Being so far removed from the nearest two kingdoms, there is a lack of fighting over fishing and farming rights. In fact, this barony could double its population and size without encroaching on to others' territory.

Location: Barony of Swamps
Capital: Cambria
Ruler/Leader: Baron Montrose (Vinnie Jones)
Important Court Members:
Allies: Barony of the Mist
Enemies: Barony of the Southern Coast, Fields, and Eastern Coast
Population: 800
Notes: The Barony of Swamps lies in the shadow of uninhabited mountains. Some of the highest peaks on the continent overshadow this barony. Where the mountains do not provide a border, the ocean and lakes line the borders of this kingdom. Waterways run throughout the land, many of which are the salt water of the ocean or intermingled with the salt water of the ocean. This has lead to a land of swamps (not bayou) and lakes.

Baron Montrose is a dark man with evil intent. He believes in the power of might and self. Yet, he has no problem with employing thieves and assassins to perform treachery. This baron leads from the front and brooks no challengers.

To be added:
Stonehaven – Dwarven city of note
Chantries of Note
Chantry at the Top of the World – Jurgen Prachnow
Chantry of the Falls – Lucy Griffiths
Chantry of the Lake – Natalie Umbruglia
Chantry of the Underkeep – Ralph Richardson
Chantry in the Plains – Sienna Miller
Religion's role in the lands of the baronies

Monday, February 18, 2013

Devil May Care about this post

Sebastian Faulks’ Devil May Care is the first James Bond not written by Ian Fleming that I have enjoyed reading. Faulks goes back to the Cold War era, the height of Bond action. We find Bond on sabbatical, forced by M to relax and evaluate whether he should come back to the service or not. We all know that final answer, but Faulks guides us down that path with new enemies, new loves, and plenty of fast paced action.

Gone is SMERSH, but the land of the hammer and sickle still factors into the story. As does a beautiful woman, double crossing allies, and an enemy worth hating. Nowhere are the fancy gadgets that would overtake the action of the movies and the Raymond Benson novels. Instead, Bond relies on ingenuity and his skills to defeat those who would do the world harm.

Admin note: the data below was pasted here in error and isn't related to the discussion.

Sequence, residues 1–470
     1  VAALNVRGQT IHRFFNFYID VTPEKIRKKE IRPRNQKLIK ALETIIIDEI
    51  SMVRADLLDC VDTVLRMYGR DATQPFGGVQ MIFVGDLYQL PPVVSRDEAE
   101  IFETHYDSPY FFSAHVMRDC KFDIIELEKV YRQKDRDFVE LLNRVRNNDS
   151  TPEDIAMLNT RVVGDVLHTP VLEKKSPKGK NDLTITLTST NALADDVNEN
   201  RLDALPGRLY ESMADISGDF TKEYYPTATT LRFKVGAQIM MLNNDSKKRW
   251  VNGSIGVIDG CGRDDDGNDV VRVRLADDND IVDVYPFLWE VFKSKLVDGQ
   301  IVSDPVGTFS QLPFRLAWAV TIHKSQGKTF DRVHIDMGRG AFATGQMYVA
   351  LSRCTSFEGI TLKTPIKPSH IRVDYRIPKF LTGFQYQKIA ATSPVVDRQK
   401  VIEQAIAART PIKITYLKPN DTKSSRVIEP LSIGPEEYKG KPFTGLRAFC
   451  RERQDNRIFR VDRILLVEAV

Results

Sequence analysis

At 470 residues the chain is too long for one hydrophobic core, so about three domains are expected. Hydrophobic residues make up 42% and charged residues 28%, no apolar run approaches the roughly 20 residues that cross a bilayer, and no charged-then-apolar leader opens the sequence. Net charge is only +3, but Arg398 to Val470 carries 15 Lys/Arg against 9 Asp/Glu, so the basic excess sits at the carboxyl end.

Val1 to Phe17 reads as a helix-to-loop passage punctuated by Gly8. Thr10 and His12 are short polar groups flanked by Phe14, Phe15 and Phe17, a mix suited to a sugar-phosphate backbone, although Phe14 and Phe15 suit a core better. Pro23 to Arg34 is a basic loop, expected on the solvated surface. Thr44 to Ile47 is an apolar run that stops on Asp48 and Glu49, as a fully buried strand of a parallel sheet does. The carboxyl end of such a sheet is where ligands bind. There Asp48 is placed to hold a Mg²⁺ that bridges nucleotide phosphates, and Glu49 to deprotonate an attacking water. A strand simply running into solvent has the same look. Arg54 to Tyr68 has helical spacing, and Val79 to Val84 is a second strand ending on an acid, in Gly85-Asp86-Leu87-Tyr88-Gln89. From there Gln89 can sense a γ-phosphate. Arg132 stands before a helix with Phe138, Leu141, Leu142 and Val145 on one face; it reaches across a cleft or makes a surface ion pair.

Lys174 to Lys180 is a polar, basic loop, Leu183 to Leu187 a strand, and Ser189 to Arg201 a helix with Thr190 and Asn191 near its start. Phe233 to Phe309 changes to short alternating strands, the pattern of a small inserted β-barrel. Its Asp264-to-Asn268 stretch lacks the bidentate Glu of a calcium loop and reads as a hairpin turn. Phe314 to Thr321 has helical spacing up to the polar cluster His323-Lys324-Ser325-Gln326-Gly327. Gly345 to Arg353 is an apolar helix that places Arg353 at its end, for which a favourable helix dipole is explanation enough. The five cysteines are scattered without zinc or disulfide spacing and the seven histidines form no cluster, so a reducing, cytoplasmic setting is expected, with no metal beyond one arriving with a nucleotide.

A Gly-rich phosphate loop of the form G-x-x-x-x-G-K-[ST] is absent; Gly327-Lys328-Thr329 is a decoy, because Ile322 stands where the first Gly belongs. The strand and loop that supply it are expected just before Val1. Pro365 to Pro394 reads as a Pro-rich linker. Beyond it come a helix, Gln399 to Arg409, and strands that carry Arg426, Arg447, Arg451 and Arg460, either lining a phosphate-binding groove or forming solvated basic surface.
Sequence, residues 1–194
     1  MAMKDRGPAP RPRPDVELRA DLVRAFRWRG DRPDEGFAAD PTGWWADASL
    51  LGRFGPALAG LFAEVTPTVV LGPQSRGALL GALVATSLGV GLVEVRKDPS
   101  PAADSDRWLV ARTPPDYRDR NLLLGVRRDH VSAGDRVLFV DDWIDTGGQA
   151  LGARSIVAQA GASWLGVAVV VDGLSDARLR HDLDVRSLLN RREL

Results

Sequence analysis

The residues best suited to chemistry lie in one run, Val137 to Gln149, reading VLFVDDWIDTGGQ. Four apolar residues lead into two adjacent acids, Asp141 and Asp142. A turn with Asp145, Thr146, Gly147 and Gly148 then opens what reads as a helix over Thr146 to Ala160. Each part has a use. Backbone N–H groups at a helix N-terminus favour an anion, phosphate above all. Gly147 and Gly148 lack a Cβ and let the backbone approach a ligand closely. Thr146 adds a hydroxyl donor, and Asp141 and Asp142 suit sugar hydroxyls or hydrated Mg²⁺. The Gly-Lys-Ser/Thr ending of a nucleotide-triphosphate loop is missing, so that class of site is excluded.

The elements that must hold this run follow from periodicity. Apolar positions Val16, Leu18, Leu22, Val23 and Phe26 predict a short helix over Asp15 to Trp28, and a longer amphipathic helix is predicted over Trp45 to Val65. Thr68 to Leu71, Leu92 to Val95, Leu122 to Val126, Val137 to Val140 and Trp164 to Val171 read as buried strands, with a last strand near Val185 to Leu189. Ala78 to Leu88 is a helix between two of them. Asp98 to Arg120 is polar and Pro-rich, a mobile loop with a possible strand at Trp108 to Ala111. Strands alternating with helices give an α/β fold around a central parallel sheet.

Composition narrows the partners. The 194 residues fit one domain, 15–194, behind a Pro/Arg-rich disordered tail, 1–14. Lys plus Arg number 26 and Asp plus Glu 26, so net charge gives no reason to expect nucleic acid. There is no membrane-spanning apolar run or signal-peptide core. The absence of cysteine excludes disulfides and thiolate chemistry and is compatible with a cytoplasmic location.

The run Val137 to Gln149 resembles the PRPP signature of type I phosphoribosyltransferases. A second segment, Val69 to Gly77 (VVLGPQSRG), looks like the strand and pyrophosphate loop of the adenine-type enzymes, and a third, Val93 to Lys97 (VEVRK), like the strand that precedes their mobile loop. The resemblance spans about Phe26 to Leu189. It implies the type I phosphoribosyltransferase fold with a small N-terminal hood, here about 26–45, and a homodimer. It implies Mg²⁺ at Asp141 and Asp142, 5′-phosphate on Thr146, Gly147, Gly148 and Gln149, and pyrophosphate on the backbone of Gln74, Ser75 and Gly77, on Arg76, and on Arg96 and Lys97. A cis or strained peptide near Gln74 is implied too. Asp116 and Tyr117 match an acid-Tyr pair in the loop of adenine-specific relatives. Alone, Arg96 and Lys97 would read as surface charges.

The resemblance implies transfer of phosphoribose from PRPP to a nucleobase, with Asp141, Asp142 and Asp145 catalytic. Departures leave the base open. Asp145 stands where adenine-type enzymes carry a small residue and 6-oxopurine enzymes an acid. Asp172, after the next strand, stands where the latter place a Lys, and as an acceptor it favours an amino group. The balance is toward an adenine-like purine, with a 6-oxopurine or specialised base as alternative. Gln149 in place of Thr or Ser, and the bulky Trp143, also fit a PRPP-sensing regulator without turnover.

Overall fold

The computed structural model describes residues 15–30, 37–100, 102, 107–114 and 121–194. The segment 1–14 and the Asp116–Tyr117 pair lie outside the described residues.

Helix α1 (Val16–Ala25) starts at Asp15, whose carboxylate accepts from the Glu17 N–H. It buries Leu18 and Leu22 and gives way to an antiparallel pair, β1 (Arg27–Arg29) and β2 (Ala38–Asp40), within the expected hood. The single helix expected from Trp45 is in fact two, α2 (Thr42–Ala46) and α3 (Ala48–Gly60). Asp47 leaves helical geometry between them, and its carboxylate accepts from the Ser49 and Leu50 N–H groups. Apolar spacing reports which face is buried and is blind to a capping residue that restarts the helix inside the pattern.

Bond travels to Paris, then Persia (yes, Persia) to investigate a man with a monkey hand who travels with a Viet Minh aid. Along the way, he meets Larissa Rossi, the beautiful banker whose sister works for Dr. Julius Gorner, person of interest. We get a quick glimpse of Matthis, well before the events of Casino Royale and Quantum of Solace as Bond works through Paris en route to Persia. Once in Persia, Bond makes contact with the local agent works his way to Dr. Gorner’s warehouse on the docks of the Caspian Sea with Scarlett Papava and his local driver. From here, things go sideways and Commandre Bond is soon fighting for his life before saving the world. . . and Miss Papava.

I think Devil May Care will appeal to Bond fans of old, especially those who enjoyed the novels. However, I think new fans brought in by the films starring Daniel Craig can also enjoy this book. The pace of the book is quick and spurs its reader forward. There is no lengthy explanation of how this gadget or that gadget works. Each chapter fills one of two rolls – foreshadowing or bringing the action. From this viewpoint, Faulks appears to combine the best of the Fleming novels and the movies.

If you are looking for a Bond that woos multiple women, shoots bullets out of fountain pens, or would rather love than fight, this isn’t the Bond for you. However, if you have a few hours’ time and want a thriller that is a quick read, then you’re in luck.

Friday, February 15, 2013

Film Friday

I was cruising through movie trailers today and came across these three. All three have elements that can be stolen for roleplaying games. All three videos are via YouTube, in case anyone doesn't have Flash loaded.

First up is "Hammer of the Gods." There's nothing new here. It's a classic vikings invade Britain during the Middle Ages, the king's son must be brought home to save the people, and lots of fighting. I fear this trailer shows us everything worth seeing the film.

The next one is "The Prototype" and is about a land based military drone that gets out. I think there is more to the movie than that, as it hints that we may have a case of sentience transfer, as well. This has elements that could be utilized in a Cyberpunk, Shadowrun, or even Conspiracy X game.

I think this final film is the one that looks the best. If you are looking for South Korean action in espionage filled Berlin, "The Berlin File" may be for you. I doubt it's a Tinker Tailor Soldier Spy, but I think it'll do just fine.It's already out and showing in some theatres, but no where near me.